The humble ski-lift could lead us to clean energy that’s available on demand

What do you see when you imagine a zero-carbon future? Electric buses zipping by? Rolling hills covered with solar panels? Offshore wind farms towering over the sea? If batteries are part of your vision, good thinking. But there’s a promising if whimsical, piece of the renewable energy puzzle that might be missing from your mental picture: the world of gravity energy storage.

Generating electricity using gravity is hardly a new concept — think of your classic hydropower plant, which captures the energy of falling water via a turbine. But some hydropower systems don’t just produce energy. A “pumped-storage” hydroelectric plant draws excess energy from the grid and uses it to pump water back up into an elevated reservoir where it can fall again. But who needs water when there are all kinds of things we can slide down a mountain or drop off a cliff? Really, you can use almost any material for gravity energy storage, as long as it’s heavy, cheap, and you can figure out how to transport it up and down a steep slope.

In an article posted in the journal Energy last week, the authors depicted a “Mountain Gravity Energy Storage” system that involves a ski-lift-style cable that carries huge bins of sand up and down a mountain. The sand gets stored in an enormous vessel at the top, and when the grid needs extra energy, it’s sent down the mountain, pulled by the force of gravity, thereby powering an electric generator.

Depending on the amount of sand, the height of the mountain, and the speed of the fall, the authors estimate that it can generate electricity for anywhere from five to 555 days. That’s incredible for such a rudimentary system and could become a simple solution for energy storage until batteries become capable of storing massive amounts of energy without degrading. And we don’t even need to turn our beautiful mountains into eye-sores to make this happen; engineers are already patenting gravity storage systems on the slopes of defunct coal mines.

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The humble ski-lift could lead us to clean energy that’s available on demand

What do you see when you imagine a zero-carbon future? Electric buses zipping by? Rolling hills covered with solar panels? Offshore wind farms towering over the sea? If batteries are part of your vision, good thinking. But there’s a promising if whimsical, piece of the renewable energy puzzle that might be missing from your mental picture: the world of gravity energy storage.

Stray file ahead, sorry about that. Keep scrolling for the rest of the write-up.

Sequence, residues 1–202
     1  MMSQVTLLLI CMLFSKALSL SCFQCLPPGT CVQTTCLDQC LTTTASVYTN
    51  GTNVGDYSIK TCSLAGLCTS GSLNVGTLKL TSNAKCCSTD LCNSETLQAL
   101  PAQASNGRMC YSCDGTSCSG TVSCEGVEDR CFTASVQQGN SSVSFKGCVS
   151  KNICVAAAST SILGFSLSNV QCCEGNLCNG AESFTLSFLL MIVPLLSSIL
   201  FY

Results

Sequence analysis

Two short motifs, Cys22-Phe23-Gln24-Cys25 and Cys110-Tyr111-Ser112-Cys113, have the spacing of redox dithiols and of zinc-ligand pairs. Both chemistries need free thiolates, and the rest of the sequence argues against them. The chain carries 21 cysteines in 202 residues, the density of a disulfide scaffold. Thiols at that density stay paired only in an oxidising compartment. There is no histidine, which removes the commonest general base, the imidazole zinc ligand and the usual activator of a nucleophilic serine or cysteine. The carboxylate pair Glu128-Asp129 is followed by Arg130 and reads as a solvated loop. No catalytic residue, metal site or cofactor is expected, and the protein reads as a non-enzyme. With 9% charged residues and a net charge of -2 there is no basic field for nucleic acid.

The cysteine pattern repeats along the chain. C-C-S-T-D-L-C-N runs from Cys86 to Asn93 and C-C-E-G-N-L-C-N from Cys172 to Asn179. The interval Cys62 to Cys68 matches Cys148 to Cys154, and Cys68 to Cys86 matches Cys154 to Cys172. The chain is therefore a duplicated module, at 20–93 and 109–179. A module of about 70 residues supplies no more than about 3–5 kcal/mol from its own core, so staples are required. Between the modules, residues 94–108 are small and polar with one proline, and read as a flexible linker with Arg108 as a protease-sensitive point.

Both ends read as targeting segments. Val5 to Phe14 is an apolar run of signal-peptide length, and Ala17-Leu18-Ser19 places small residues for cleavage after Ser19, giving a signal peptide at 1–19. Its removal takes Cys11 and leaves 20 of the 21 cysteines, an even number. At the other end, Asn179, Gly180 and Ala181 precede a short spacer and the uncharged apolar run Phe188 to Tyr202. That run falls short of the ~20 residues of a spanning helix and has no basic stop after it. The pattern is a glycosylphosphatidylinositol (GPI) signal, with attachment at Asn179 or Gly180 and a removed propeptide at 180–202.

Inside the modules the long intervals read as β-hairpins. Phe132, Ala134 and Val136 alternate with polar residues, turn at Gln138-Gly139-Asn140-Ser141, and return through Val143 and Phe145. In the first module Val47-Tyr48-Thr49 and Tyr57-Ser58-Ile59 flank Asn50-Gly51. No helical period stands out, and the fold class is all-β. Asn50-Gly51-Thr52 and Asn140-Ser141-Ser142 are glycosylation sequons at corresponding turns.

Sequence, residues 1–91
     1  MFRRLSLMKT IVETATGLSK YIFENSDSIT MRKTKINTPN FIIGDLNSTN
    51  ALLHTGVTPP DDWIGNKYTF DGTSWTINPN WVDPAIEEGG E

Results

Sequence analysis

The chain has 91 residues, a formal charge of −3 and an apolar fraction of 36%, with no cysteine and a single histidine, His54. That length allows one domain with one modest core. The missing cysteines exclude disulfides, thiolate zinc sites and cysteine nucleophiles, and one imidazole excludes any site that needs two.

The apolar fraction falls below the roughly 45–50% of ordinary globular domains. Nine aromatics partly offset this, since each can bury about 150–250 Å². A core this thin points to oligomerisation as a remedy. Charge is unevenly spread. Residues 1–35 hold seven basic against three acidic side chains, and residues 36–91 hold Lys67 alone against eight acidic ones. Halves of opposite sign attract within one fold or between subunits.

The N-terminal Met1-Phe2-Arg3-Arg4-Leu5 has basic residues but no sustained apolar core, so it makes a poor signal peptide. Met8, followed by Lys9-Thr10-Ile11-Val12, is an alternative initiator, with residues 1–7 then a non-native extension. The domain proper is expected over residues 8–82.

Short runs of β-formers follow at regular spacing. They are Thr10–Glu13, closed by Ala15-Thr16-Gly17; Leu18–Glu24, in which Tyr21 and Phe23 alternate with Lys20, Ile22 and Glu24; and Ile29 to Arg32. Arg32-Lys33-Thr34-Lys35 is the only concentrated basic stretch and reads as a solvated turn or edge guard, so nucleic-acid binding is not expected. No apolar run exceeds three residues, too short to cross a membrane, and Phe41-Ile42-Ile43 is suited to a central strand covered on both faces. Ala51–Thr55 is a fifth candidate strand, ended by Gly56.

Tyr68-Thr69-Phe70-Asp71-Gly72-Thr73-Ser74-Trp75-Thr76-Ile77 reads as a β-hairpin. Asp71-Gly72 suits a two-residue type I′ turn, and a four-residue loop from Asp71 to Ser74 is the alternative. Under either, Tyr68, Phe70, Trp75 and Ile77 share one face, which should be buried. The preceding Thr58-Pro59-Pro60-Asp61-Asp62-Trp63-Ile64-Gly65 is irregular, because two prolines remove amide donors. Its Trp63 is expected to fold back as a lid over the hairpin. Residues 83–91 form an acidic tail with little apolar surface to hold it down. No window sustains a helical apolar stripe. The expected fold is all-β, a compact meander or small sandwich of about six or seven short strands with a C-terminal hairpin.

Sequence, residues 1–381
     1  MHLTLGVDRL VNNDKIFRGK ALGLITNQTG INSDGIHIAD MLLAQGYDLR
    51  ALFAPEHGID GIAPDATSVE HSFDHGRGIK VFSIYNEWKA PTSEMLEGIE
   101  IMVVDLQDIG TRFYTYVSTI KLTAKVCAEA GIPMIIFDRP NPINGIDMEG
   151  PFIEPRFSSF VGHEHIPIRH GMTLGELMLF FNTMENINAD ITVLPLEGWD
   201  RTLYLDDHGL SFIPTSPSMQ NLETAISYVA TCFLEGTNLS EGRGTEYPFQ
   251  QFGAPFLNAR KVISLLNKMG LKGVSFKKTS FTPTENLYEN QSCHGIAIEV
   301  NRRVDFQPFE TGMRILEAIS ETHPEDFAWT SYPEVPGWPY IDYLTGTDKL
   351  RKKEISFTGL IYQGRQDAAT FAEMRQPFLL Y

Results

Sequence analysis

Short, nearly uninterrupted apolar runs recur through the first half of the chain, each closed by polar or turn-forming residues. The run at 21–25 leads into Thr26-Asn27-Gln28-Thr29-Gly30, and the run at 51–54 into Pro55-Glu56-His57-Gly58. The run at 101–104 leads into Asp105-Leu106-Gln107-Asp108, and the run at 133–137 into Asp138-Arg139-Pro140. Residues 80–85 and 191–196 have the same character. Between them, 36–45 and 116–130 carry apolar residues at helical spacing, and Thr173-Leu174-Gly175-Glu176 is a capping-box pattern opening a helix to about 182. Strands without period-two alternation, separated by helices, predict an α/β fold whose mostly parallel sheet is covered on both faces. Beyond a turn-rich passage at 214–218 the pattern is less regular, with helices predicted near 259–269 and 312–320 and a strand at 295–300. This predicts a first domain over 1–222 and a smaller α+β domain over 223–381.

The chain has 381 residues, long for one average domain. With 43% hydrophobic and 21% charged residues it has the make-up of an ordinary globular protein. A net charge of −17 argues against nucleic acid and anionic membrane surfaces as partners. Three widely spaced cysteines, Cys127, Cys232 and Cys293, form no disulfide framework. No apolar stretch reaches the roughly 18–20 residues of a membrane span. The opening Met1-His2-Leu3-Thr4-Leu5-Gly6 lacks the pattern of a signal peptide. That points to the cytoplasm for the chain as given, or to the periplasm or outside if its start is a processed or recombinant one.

Generating electricity using gravity is hardly a new concept — think of your classic hydropower plant, which captures the energy of falling water via a turbine. But some hydropower systems don’t just produce energy. A “pumped-storage” hydroelectric plant draws excess energy from the grid and uses it to pump water back up into an elevated reservoir where it can fall again. But who needs water when there are all kinds of things we can slide down a mountain or drop off a cliff? Really, you can use almost any material for gravity energy storage, as long as it’s heavy, cheap, and you can figure out how to transport it up and down a steep slope.

In an article posted in the journal Energy last week, the authors depicted a “Mountain Gravity Energy Storage” system that involves a ski-lift-style cable that carries huge bins of sand up and down a mountain. The sand gets stored in an enormous vessel at the top, and when the grid needs extra energy, it’s sent down the mountain, pulled by the force of gravity, thereby powering an electric generator.

Depending on the amount of sand, the height of the mountain, and the speed of the fall, the authors estimate that it can generate electricity for anywhere from five to 555 days. That’s incredible for such a rudimentary system and could become a simple solution for energy storage until batteries become capable of storing massive amounts of energy without degrading. And we don’t even need to turn our beautiful mountains into eye-sores to make this happen; engineers are already patenting gravity storage systems on the slopes of defunct coal mines.

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